One of the more commonly referenced website analytics terms is “bounce rate.” What is bounce rate? What does it mean? Is it an important metric to monitor? Let’s start with defining what a bounce is. A bounce occurs when someone visits your website, views a single page, and leaves. In this scenario a website tracking tool like Google Analytics, would report one bounce or a 100 percent bounce rate (depending on which type of report you run/view).
What Bounce Rate Tells You
Watch the first few minutes of this video:
In the video above, web analytics “guru,” Avinash Kaushik, defines a bounce as, “I came; I puked, and I left.” The implication is that high bounce rates are bad – that the content on your site didn’t match what the visitor was looking for so they left without viewing another page. It’s probably happened to you – it happens to everyone. A friend emails you a link to a website and tells you to check it out, you visit the page, don’t see anything they like and leave. That would be a 100 percent bounce. Maybe you search for something on Google – ex. “best local plumbing company in Denver”, you click the top result, realize your on Service Magic’s website (when you wanted to contact a local plumber directly), so you leave to try again.
A high bounce rate can be a sign that your content is not targeted to the visitors wants and needs, but a high bounce rate can also be a positive indicator. Which it is depends on the answer to this question, “can you get value out of a single page visit?”
Think about this for a moment…
Most types of web leads – a white paper download, registration for a webinar, email newsletter sign up, web form submission, etc. – require the visitor to view multiple pages (resulting in a zero percent bounce rate). If these (multi-page visits) are the only ways your business generates leads, Avinash is correct, a high bounce rate is bad. However, what about businesses that get leads via phone?
Let’s say you own a plumbing and hvac company in Arvada, CO. Someone searches Google for “furnace replacement Denver CO”, finds and clicks the furnace replacement page on your website, they pick up the phone and call you to see how quickly you can get to their house. As soon as they book the appointment, they close their laptop and get on with the rest of their day. How would Google Analytics report this visit? You guessed it – as one bounce (or a 100 percent bounce rate – depending on the report you view).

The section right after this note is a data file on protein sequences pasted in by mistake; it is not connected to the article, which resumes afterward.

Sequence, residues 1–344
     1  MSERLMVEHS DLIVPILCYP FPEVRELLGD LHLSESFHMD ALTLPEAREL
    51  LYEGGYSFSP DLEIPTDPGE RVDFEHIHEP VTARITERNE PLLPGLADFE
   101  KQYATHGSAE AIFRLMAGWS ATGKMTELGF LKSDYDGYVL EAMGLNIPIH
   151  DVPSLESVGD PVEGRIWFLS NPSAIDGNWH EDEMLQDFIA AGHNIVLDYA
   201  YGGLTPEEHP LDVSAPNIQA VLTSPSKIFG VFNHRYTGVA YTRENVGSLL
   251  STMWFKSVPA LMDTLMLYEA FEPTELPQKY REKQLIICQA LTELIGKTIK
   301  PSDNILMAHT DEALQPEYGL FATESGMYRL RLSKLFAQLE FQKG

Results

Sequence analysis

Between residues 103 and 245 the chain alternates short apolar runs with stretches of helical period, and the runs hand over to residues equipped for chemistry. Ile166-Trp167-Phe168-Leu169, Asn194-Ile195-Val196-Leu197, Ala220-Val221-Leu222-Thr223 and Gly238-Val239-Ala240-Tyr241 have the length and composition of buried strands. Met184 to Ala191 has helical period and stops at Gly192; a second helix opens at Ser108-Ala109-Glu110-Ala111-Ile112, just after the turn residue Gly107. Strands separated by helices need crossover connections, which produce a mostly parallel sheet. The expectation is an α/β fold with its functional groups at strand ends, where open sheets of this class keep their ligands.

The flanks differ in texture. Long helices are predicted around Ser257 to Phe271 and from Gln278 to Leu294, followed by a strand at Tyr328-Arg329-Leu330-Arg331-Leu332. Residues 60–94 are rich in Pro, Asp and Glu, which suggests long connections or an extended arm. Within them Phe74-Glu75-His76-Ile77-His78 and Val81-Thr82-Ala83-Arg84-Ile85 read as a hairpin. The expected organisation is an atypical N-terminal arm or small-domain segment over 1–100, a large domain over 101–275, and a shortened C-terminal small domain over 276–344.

If this were your business, would this scenario be considered positive or negative? Positive, of course – you’d take single page visits all day long! So, you need to consider a few other metrics before making a determination as to whether a high bounce rate is bad or good.
Using Bounce Rate Data to Improve Your Site
Here’s a simple way to use bounce rate data in Google Analytics to improve your website:
Go into Google Analytics and look at the left-side navigation menu
Use the Advanced Filter to remove (not set), (not provided), and branded keywords
Sort the table by Bounce Rate descending (click on the column heading)
From this process, you should see a whole bunch of visits that look like this:
What you’re looking at in the screenshot above is a page from a local Electrical contractor in Baltimore, MD. Someone searched, “3 phase digital ampere meter” and the ranked page in the organic search results was the electrical company’s homepage. Now, there’s nothing about “3 phase digital ampere meter” on this company’s homepage, so the visitor “bounced.”
IF this is a valuable search phrase for the company in this example (it’s not, but let’s pretend it might be), they’d be wise to either a) create a new web page specific to this keyword OR b) add something to their homepage about this keyword – like a highly visible call-to-action (CTA) button.